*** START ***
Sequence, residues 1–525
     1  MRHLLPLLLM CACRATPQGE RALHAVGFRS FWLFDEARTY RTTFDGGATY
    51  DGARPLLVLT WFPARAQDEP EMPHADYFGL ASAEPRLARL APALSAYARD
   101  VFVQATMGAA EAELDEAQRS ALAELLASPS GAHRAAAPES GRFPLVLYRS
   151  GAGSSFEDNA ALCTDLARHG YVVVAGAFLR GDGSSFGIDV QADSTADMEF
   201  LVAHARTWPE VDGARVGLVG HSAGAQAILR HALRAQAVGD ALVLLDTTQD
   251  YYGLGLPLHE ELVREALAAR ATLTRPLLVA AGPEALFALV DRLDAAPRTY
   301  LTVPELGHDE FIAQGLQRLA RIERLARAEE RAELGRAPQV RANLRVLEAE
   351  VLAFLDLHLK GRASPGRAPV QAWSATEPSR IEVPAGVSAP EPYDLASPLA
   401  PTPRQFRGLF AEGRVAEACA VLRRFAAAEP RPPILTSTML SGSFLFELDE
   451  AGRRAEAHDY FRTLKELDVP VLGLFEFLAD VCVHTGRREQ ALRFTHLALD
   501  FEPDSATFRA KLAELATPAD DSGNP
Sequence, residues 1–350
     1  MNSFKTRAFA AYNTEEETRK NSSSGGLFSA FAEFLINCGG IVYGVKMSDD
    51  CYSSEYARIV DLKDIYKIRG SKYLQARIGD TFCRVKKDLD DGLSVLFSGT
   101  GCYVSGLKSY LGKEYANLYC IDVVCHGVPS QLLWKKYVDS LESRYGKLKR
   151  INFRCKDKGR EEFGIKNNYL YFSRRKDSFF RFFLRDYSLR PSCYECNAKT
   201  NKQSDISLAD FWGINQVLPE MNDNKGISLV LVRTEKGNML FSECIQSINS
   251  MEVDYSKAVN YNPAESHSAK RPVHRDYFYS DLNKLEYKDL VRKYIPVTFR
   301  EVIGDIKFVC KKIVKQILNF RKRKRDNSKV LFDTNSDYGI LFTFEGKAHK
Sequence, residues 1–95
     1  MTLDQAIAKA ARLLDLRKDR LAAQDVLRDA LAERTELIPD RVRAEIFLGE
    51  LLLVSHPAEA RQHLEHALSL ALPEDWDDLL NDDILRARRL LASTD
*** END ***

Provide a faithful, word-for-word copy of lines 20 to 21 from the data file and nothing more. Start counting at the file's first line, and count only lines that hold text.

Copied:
   301  EVIGDIKFVC KKIVKQILNF RKRKRDNSKV LFDTNSDYGI LFTFEGKAHK
Sequence, residues 1–95